Accordingly, it is the object of the present invention to provide a pesticidal composition having granules of nonabsorbent material covered with a coating which contains a liquid pesticide.

It is a further object of the present invention to provide a method for manufacturing such compositions.

Still further objects and the entire scope of applicability of the present invention will become apparent from the detailed description given hereinafter; it should be understood, however, that the detailed description and specific examples, while indicating preferred embodiments of the invention, are given by way of illustration only, since various changes and modifications within the scope of the invention will becomes apparent to those skilled in the art from this detailed description.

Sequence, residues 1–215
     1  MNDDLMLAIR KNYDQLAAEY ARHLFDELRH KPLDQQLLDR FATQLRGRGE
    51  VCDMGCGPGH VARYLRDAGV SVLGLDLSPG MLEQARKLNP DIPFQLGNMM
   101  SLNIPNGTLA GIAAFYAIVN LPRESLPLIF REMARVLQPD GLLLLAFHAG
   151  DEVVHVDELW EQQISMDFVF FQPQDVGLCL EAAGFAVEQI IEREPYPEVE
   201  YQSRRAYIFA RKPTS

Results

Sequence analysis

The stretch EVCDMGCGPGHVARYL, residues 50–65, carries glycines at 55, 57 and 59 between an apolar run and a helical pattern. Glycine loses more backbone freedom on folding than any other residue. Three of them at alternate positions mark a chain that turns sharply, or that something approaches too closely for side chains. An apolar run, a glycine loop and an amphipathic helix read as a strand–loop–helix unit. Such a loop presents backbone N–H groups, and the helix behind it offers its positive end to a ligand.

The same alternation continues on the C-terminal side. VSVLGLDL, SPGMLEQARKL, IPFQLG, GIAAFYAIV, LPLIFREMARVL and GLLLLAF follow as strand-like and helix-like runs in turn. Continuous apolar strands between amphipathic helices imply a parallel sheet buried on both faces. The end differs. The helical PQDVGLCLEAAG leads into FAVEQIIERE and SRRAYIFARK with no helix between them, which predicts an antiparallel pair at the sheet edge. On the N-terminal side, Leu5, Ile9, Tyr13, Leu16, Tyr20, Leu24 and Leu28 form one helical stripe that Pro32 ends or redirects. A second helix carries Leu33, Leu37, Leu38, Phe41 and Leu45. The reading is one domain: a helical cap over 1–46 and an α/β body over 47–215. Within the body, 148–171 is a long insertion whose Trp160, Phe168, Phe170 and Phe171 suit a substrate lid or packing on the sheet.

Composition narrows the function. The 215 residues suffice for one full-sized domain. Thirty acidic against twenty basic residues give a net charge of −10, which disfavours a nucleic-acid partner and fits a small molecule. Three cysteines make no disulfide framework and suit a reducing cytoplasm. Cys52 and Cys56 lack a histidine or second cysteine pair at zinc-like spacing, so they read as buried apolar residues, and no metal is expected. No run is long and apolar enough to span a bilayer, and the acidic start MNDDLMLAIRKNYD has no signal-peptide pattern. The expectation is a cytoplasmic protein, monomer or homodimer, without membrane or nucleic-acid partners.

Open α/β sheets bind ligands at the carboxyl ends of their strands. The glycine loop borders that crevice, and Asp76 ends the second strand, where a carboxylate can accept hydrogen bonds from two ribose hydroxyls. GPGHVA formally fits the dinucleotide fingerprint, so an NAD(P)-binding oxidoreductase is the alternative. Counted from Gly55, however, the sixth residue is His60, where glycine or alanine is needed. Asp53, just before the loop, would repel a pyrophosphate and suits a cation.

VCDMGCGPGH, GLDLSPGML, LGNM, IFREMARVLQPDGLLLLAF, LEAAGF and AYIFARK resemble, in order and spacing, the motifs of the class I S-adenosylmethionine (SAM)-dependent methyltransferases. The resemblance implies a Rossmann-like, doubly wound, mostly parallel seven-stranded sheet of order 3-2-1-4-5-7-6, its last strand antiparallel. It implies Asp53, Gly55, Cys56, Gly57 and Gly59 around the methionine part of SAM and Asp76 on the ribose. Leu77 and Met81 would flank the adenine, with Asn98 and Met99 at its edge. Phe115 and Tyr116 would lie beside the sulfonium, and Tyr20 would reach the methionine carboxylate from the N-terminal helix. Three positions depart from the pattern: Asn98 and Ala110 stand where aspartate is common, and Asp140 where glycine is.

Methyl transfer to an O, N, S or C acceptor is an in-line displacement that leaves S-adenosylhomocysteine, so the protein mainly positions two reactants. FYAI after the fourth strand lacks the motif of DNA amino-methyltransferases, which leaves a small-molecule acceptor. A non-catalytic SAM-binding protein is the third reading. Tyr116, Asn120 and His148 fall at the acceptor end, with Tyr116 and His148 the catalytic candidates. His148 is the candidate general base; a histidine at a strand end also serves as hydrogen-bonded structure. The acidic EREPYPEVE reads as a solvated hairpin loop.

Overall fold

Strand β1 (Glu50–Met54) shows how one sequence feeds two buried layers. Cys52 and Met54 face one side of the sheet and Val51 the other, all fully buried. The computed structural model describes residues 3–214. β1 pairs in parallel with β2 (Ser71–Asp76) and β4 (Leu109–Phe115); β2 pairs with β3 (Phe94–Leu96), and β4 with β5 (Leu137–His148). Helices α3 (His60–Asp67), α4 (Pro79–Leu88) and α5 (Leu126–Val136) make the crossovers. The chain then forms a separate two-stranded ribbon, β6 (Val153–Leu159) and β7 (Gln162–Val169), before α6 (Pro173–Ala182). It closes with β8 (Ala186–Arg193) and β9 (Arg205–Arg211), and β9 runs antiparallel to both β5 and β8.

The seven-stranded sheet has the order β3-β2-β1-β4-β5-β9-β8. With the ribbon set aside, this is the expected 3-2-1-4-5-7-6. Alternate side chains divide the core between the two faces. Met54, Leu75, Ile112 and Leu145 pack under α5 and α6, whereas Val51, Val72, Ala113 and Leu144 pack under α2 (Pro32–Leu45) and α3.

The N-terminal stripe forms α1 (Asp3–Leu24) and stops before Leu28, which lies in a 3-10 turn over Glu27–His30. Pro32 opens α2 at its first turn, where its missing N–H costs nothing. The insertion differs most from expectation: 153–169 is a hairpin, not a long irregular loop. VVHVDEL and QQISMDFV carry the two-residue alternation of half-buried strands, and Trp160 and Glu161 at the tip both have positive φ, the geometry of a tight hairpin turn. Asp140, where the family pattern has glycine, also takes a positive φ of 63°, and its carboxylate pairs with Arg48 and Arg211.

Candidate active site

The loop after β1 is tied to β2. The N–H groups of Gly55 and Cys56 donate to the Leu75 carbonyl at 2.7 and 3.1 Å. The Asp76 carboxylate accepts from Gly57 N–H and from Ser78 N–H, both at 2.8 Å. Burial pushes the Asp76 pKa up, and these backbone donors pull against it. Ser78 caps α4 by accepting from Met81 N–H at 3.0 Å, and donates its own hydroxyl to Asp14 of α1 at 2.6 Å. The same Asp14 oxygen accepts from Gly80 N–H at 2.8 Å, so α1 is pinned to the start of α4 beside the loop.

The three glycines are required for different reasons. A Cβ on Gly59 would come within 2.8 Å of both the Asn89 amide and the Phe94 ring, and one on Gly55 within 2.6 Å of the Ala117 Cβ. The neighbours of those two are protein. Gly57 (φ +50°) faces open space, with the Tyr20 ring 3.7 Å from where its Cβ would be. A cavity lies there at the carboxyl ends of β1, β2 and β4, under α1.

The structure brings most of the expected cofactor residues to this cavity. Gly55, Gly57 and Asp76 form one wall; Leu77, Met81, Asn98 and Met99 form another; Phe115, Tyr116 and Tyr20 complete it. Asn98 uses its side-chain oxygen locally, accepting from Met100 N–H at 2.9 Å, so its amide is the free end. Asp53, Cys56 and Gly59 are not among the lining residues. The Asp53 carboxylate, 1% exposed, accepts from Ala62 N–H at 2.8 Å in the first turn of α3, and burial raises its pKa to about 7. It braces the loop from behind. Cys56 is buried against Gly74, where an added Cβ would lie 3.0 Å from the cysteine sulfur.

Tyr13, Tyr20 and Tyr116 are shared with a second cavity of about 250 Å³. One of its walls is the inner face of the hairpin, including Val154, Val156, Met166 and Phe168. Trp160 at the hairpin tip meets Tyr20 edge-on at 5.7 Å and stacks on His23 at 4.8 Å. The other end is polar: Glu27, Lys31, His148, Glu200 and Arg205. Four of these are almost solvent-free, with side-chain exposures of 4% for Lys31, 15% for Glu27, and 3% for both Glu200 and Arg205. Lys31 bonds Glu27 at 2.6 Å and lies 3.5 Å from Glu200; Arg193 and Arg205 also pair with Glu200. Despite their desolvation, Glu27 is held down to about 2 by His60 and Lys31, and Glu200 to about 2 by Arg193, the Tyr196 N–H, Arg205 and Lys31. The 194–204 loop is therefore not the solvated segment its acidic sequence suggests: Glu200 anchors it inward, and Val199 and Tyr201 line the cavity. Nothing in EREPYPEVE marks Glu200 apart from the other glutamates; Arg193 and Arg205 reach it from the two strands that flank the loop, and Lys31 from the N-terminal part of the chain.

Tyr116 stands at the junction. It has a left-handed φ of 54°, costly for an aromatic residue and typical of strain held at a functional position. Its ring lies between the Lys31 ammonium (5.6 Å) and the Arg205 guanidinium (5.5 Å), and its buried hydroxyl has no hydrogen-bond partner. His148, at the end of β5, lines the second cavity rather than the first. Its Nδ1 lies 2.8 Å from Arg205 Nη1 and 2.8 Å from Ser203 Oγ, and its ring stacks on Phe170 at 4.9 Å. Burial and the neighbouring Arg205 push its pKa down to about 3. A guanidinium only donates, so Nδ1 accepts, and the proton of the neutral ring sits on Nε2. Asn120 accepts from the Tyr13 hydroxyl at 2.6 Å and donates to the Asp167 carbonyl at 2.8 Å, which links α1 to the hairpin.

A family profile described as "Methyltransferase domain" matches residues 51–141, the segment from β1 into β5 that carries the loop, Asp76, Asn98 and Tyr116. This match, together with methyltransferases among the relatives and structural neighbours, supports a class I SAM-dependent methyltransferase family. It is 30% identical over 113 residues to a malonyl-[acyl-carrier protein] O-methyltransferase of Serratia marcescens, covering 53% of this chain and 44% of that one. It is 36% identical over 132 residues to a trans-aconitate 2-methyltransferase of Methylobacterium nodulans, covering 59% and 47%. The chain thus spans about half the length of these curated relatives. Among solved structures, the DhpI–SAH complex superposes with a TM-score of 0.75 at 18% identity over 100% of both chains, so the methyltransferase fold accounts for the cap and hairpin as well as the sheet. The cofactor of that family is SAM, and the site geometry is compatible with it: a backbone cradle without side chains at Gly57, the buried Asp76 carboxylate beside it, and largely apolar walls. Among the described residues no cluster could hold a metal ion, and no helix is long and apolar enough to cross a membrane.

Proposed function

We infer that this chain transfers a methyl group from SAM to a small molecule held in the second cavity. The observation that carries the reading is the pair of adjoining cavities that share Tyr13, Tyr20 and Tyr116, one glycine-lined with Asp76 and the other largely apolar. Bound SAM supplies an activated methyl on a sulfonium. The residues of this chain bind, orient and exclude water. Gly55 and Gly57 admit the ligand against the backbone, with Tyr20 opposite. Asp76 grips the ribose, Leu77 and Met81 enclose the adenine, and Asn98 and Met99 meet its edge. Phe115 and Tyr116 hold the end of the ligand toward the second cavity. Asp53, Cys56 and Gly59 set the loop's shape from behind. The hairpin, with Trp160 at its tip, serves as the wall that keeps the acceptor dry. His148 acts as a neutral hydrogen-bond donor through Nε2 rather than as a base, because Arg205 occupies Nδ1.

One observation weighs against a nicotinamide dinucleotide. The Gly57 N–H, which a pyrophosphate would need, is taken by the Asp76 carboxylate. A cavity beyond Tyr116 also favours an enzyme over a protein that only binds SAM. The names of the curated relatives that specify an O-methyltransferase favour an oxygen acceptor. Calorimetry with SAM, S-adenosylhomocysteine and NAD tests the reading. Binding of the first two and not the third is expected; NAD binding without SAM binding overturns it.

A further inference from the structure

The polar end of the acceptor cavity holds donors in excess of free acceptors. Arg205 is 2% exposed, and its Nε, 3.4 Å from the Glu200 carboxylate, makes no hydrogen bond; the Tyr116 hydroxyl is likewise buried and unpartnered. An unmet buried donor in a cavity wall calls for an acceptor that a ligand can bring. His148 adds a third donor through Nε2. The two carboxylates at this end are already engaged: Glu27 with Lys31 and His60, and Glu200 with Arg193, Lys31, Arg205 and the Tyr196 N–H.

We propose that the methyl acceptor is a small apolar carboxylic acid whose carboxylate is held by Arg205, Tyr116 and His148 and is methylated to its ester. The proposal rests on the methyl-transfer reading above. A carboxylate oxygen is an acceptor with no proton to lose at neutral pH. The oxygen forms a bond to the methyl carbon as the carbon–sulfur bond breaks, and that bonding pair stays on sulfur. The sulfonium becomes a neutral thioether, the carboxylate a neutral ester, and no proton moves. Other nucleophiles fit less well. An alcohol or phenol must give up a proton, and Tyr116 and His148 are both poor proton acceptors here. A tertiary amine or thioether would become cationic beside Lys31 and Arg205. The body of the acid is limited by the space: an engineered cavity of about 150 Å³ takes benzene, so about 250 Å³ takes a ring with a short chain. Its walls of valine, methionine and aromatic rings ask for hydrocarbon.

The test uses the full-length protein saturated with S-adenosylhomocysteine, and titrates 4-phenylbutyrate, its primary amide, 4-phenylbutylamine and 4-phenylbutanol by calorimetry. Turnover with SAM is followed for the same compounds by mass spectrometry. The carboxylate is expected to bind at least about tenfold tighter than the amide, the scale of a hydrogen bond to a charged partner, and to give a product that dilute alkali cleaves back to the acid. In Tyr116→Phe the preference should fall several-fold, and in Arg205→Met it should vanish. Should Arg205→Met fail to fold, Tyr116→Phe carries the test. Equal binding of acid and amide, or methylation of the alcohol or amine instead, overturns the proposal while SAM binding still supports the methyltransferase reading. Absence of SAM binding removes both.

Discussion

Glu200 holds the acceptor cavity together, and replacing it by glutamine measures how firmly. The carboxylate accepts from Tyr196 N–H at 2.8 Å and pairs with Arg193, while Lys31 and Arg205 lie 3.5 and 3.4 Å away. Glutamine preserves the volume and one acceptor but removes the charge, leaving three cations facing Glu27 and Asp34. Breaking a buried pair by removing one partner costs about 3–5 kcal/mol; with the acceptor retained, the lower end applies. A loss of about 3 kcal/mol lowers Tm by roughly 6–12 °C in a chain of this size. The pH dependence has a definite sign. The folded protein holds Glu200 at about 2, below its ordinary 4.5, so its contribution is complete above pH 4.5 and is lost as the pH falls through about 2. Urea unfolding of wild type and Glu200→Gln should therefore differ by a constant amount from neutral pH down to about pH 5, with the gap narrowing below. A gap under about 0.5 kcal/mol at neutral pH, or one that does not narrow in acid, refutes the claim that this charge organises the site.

The present invention overcomes the inadequacies of the above compositions and attains the objects of the invention by providing a composition containing granules of a non-absorbent base coated with a liquid pesticide and also obtaining finely divided absorbent material and methods for preparing them. Briefly stated, the method consists of blending the liquid pesticide with granules of a non-absorbent base material until the granules are evenly covered and then blending into the mixture a more finely divided absorbent material. Other materials may be included in the composition such as surfactants which aid in dispersing the pesticide when applied to soil or Water and thickening agents which may be added to the liquid pesticide before blending with the granular material.